I’m delighted that I can finally confirm the programme for November’s Decontamination concert featuring composer and cellist Oliver Coates:
Decontamination #4 – Fantasy & Artificial Landscape
Tuesday 10 November 2015, 8pm
Royal Northern College of Music, Studio Theatre
Trains – Joanne Bailie (cello and soundtrack)
Kottos – Iannis Xenakis (solo cello)
Unreal Estate – Oliver Coates & Lawrence Lek (cello, electronics, soundtrack and projection)
Opus 17a (extract) – Hanne Darboven
You can book tickets here.
The centrepiece of this short concert is Coates’ and Lek’s collaboration from earlier this year. Here Lek uses video game software to imagine a future in which the Royal Academy of Arts in London has been sold off as a privately owned luxury estate accompanied by a soundtrack by virtuoso cellist Oliver Coates and a voiceover of a found text from Russian Tatler magazine, translated into Mandarin by Joni Zhu. You can watch and hear this extraordinary piece of artwork here however the soundtrack and, potentially, the visuals themselves are tailored for each performance.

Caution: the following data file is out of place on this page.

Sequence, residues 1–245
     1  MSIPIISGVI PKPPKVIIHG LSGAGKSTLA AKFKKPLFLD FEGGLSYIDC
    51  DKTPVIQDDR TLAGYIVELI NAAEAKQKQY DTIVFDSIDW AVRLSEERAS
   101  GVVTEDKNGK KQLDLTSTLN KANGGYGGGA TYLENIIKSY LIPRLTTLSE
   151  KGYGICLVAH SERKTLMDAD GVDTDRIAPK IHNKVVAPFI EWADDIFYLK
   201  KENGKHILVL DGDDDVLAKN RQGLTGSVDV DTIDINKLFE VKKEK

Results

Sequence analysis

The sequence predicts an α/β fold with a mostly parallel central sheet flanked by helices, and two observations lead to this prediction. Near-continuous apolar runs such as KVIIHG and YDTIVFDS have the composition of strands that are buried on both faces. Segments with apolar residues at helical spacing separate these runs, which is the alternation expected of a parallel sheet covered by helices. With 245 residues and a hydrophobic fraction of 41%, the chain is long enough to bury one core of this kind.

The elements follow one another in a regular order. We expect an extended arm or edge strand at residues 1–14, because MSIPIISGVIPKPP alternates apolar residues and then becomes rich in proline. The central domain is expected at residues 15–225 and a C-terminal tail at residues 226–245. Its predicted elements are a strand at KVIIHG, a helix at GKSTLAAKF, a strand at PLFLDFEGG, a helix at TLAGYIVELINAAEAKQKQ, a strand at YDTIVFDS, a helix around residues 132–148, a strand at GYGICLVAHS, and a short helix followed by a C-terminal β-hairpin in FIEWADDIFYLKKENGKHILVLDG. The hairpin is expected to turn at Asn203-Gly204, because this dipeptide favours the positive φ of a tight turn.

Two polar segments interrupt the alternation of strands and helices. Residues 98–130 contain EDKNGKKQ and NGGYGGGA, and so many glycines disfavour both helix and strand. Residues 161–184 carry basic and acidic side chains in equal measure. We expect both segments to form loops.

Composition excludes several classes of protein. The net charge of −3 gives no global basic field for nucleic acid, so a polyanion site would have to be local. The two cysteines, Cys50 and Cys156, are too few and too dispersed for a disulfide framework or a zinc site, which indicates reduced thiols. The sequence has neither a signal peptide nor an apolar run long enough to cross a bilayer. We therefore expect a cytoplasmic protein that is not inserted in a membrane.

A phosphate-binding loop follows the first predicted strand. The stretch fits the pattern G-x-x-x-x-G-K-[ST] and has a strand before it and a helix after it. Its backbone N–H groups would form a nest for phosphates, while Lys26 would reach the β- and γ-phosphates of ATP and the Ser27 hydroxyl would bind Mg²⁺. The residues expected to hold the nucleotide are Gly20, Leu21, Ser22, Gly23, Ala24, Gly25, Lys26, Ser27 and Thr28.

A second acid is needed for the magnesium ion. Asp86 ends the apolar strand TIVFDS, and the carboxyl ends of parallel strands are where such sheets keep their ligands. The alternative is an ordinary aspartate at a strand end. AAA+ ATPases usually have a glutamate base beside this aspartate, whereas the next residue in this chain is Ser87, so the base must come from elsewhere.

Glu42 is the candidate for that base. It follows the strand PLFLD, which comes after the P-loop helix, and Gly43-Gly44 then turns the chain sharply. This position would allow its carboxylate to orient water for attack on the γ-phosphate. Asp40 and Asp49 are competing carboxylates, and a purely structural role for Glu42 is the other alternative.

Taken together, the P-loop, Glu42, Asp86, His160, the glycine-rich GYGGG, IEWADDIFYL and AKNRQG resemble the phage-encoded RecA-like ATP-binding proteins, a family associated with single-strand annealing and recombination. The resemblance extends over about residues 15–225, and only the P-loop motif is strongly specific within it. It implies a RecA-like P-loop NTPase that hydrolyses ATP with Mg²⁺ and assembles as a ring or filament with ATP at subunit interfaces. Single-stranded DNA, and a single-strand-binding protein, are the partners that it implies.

Lawrence Lek – ‘Unreal estate’
Joanna Bailie’s 2014 work Trains takes us on a fantastical journey by meticulously blending the her field recordings of trains with sounds from the live cello. As the processing and cello exposes more tangible pitch content the original field recordings are masked and well-known ‘found’ material from the cello cannon is revealed. The result is understated, surprising and ravishing.
Kottos, Xenakis’ 1977 monolith for solo cello, is a piece of immense physical energy . The music evokes the fantastical imagery suggested by the title, Xenakis write in the score ‘Kottos is one of the three Giants (Sons of Ouranos, the Sky, and of Gaia, the Earth). Each one had a hundred arms and fifty heads. They were the allies of Zeus in his fight agains the Titans that were eventually defeated; allusion to the fury and the virtuosity necessary to the performance of this piece.’
German conceptual artist Hanne Darboven’s Opus 17a forms part of her Mathematical Music output. Systematically controlled numerical data, prevalent in her installation work, informs the organisation of this characteristically uncompromising minimal music.